“Over the last few years, there has been a great deal of concern in Alberta surrounding late blight, a serious disease that affects mainly potatoes and tomatoes,” explains Robert Spencer, commercial horticulture specialist at the Alberta Ag-Info Centre.
This disease is caused by a fungal pathogen called Phytophthora infestans. Spencer says that the favourable conditions for disease development, combined with the presence of the pathogen, have resulted in detections of late blight in commercial, market garden and urban potato and tomato crops throughout parts of Alberta in previous years.
“A number of different strains of the pathogen have been identified in different years, each being more or less aggressive on either potatoes or tomatoes. Late blight continues to be a risk for all solanaceous crops - potato and tomato family - grown in Alberta this year.”
Spencer says that all growers of potatoes and tomatoes should be vigilant to try to catch any diseased material early on before a significant outbreak can occur. In the early season, growers should watch for:
- Tomato transplants and newly emerged potato shoots with water-soaked leaf lesions.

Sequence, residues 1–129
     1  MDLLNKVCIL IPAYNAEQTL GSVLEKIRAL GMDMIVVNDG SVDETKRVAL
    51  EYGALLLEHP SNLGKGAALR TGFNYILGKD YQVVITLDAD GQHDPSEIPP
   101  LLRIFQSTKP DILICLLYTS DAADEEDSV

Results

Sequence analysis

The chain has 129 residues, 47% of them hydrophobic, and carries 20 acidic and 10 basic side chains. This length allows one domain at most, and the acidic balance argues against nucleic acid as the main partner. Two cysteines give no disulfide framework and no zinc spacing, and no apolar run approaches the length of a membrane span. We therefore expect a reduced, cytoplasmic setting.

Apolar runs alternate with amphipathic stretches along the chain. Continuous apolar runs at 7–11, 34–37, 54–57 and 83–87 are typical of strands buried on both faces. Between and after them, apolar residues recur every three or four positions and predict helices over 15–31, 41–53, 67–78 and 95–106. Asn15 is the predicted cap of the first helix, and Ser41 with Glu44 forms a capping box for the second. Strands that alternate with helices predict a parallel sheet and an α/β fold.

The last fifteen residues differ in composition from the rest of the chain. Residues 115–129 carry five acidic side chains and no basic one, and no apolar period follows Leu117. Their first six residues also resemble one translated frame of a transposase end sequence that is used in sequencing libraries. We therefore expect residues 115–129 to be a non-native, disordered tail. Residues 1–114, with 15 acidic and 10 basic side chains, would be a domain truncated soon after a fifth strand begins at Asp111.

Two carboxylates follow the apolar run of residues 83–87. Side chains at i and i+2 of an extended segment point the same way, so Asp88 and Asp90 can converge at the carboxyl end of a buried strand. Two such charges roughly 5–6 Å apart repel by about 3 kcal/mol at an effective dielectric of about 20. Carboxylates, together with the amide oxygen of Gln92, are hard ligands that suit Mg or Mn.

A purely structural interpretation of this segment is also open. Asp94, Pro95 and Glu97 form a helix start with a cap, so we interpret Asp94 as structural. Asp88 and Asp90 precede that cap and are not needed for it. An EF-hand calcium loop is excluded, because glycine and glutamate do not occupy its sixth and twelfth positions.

- Plants that develop lesions early on in the season or as the season progresses, particularly if conditions are moderate and wet or humid.
Spencer recommends contacting the Alberta Ag-Info Centre to determine if further testing is required and to discuss management.
“Please do not hesitate to report an incidence, as early awareness will help to prevent and contain an outbreak and can help others protect their crops.”
He adds that while undertaking identification, producers should dispose of infected material as quickly as possible, removing diseased parts if it is on a small scale, or killing out plants so disease cannot develop further. Protective fungicide applications can be used if conditions favour disease.
Learn more about late blight of potatoes and tomatoes.
Connect with the Alberta Ag-Info Centre:
Hours: 8 am to 5 pm (open Monday to Friday, closed statutory holidays)
Toll free: 310-FARM (3276)